The international appetite for euro-zone financial assets that underpinned the local currency the past two years is beginning to erode.
While broad data showing real-time flows into and out of the region’s stocks and bonds are hard to find, strategists point to items such as U.S. exchange-traded funds, which pulled $1.1 billion from European assets this month, the first outflow since April 2013. Bonds of Italy and Spain that yielded as much as 7.05 percentage points more than Treasuries two years ago now pay less than their U.S. counterparts, diminishing their appeal.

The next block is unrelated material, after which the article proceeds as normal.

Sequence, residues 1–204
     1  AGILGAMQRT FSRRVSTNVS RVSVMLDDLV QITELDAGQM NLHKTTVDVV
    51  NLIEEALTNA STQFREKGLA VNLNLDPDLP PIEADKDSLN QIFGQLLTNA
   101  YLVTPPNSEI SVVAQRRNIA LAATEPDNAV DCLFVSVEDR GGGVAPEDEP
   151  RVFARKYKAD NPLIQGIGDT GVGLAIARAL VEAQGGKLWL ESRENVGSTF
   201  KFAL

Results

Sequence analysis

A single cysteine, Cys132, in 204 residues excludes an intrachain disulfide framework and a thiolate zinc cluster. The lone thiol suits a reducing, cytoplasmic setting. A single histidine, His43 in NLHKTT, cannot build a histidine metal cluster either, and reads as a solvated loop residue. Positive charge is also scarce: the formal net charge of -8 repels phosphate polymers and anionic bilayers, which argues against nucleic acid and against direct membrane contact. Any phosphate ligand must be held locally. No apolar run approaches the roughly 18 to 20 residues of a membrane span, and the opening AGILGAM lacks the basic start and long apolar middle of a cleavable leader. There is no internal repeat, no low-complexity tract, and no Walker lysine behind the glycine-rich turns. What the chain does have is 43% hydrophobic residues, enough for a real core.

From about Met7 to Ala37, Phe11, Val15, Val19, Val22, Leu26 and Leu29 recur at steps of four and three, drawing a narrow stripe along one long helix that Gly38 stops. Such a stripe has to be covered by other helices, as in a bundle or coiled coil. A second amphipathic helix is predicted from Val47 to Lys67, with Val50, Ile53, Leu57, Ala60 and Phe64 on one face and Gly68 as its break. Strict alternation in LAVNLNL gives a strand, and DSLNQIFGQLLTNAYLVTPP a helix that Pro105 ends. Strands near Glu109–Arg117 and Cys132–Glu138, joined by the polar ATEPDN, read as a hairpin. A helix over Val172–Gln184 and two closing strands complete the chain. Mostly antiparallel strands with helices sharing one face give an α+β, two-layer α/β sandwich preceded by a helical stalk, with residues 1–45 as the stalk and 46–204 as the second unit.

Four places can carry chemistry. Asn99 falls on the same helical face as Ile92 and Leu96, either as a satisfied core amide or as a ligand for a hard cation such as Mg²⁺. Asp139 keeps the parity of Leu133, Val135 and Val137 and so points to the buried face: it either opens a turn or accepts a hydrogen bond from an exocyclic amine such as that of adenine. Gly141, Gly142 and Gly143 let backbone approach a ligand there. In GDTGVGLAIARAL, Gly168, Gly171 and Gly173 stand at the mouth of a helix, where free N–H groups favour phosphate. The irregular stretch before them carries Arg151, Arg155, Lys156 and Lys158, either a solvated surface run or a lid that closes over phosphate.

The result is the euro’s biggest monthly loss since February 2013, and Morgan Stanley said this week selling the 18-nation currency remains the surest bet in the developed world. Rather than a cause for concern, the European Central Bank may see weakness in the euro as a welcome development as it tries to avoid deflation and spur exports to boost the economy.
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